If the United States Senate cannot summon the moral decency to at least ban the sale of assault weapons to people below 21 years of age, who are killing our children in ghoulish numbers, it will be a dereliction of duty that will increase the number of mass murders of our children, which history will condemn and huge numbers of voters will reject.
I dedicate this column to the children of America, who have a God-given right to live full lives, and not be murdered by killers with machine guns because a generation of political adults lacks the honor and decency to respect the views of a significant majority of Americans — and take the actions to save a generation of child victims from being mass murdered.
Before Audrey Hepburn became one of the great movie stars in history, she was a child growing up in Nazi-occupied Europe who personally experienced the horrors and crimes the Nazis committed against children. She gave a lifetime devotion to children who she passionately loved and supported throughout her life.
One of Hepburn’s greatest deeds was to become global ambassador for UNICEF. She journeyed to the most impoverished places in the world, to visit children who were near death’s door from starvation, disease and war. She held those children in her loving arms, hugged them, held their hands and vowed to be their voice to the people and powerful around the world.
In some of the truest words ever spoken, Hepburn said these children cannot speak for themselves, so we must speak for them. With these words, as best I can, I seek to speak for the wonderful children at Uvalde who desperately called 911, and the children at all schools in all communities who had their lives stolen by mass murderers, and for all victims of all ages who deserve a damn sight better than some senators appear prepared to offer.
If the Good Lord would grant me one wish, it would be that Hepburn and her children could visit with Sen. John Cornyn (R-Texas) to discuss current events in the Senate.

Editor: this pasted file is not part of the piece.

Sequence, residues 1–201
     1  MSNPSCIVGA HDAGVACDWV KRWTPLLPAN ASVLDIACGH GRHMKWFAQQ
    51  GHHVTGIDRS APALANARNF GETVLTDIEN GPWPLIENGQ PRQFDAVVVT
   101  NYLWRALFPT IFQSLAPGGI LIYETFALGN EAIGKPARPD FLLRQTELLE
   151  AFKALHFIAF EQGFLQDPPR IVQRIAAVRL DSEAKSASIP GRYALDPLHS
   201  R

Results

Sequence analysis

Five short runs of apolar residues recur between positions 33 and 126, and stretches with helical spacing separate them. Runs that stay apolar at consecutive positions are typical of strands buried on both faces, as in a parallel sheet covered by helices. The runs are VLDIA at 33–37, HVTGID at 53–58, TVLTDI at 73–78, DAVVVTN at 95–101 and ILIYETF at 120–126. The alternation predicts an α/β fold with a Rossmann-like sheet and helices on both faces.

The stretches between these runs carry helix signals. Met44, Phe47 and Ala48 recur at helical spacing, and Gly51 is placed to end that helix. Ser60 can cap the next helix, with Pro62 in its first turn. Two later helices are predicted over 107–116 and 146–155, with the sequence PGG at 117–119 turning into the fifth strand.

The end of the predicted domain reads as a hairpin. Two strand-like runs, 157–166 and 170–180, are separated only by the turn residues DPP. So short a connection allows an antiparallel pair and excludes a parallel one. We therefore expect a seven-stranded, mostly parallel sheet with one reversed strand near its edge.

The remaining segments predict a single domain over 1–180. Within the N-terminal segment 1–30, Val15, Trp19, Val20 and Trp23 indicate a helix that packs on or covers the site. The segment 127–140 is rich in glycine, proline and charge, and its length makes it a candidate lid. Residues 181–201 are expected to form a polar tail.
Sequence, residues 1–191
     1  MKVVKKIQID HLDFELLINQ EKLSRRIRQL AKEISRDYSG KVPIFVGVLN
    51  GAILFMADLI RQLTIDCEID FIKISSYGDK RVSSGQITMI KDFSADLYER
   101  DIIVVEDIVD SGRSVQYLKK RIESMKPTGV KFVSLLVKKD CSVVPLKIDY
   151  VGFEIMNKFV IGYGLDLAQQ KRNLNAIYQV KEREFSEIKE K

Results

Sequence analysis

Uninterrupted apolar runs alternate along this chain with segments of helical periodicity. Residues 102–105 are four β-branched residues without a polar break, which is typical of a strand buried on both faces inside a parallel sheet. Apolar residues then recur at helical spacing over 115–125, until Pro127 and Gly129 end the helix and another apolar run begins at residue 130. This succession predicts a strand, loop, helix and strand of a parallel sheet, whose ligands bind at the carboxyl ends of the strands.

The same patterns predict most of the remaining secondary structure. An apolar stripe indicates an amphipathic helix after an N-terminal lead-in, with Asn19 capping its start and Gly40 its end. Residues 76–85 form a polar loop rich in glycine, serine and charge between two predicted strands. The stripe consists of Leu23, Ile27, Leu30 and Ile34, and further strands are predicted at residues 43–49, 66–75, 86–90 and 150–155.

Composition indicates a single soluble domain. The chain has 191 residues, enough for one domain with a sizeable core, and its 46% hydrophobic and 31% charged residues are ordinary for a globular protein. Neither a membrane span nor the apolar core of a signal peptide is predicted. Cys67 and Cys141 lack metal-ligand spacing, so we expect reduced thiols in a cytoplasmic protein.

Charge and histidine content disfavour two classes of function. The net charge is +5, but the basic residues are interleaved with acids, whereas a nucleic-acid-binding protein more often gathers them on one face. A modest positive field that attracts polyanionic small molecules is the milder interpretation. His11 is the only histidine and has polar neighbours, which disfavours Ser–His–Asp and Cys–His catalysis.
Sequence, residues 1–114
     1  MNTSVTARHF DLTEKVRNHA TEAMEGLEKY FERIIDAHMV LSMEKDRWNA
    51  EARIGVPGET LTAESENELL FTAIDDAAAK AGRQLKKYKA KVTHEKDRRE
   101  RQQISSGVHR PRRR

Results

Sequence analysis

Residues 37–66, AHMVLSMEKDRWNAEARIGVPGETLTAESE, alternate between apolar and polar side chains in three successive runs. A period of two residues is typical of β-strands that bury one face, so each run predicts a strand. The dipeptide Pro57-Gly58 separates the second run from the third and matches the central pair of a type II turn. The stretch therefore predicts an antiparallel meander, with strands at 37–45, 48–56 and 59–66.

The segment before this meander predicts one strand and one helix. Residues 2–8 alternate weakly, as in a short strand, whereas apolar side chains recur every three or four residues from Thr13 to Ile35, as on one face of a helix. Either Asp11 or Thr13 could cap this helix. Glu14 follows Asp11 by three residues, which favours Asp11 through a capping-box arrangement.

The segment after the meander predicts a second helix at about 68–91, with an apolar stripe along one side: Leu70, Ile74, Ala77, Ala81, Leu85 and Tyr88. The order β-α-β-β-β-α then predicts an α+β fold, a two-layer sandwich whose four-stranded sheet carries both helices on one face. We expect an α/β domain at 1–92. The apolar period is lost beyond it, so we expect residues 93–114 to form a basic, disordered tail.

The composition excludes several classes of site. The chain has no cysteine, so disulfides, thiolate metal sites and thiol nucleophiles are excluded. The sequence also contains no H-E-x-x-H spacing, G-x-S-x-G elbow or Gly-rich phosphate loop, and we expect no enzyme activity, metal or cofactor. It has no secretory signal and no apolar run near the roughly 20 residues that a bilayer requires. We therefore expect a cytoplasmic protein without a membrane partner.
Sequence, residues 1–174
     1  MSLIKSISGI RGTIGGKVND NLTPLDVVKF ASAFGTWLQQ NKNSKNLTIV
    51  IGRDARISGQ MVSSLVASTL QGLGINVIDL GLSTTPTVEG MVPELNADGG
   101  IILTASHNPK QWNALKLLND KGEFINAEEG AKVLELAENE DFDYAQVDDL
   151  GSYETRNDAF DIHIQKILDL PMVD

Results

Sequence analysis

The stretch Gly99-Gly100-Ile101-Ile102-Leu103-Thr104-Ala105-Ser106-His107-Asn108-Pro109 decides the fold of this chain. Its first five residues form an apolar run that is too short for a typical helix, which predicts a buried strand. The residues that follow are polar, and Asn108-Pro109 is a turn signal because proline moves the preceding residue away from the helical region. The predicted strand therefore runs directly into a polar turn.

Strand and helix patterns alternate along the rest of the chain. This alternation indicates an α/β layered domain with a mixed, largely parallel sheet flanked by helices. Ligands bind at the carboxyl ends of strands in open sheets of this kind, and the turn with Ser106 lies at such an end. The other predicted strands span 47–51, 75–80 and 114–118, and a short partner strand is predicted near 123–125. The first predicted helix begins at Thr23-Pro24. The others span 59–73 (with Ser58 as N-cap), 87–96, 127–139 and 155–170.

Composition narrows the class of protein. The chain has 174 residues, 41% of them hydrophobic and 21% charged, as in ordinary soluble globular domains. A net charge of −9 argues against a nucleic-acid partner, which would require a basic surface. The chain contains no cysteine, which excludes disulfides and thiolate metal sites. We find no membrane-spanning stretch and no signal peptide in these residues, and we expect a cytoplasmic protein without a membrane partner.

All members of the House and Senate, justices serving on the Supreme Court, officials in state government, and those working in the media should treat saving our children in danger of being mass murdered as a sacred generational duty.
President Biden, who played a significant role in passage of the assault weapons ban in 1994, set the high standard in his recent sweeping and excellent speech, some of which should be enacted by Congress today.
On matters of public affairs seeking to save the lives of the children, shouldn’t we all view these children as our own children? Shouldn’t we not only hear their pleas to live, but become their voice to preserve, protect and defend their lives?
With mass murders of children and adults rising after the end of the 1994 assault weapons ban, and destined to continue doing so after the Senate votes, would senators be proud, if they refuse to enact any limits on assault weapons, that their votes will lead to more mass murders of more children that they could have prevented?
This will be a major issue in the midterm elections that will benefit candidates who stand, along with a significant majority of voters, for the generational duty of saving our children — and their elders — from weapons of mass death!
Leading proposals to save the lives of the children and their elders are supported by two-thirds to 90 percent of all voters. Recently, 250 Texas Republicans, conservatives and gun enthusiasts signed a letter calling for significant action on guns, including raising the minimum age to buy assault weapons.
Leading billionaires and millionaires, alongside massive numbers of small donors, could well make extraordinary donations to candidates who yearn to save the children from mass murder weapons — and keep the American Dream alive for their children, our children, America’s children and God’s children!
Crossposted from The Hill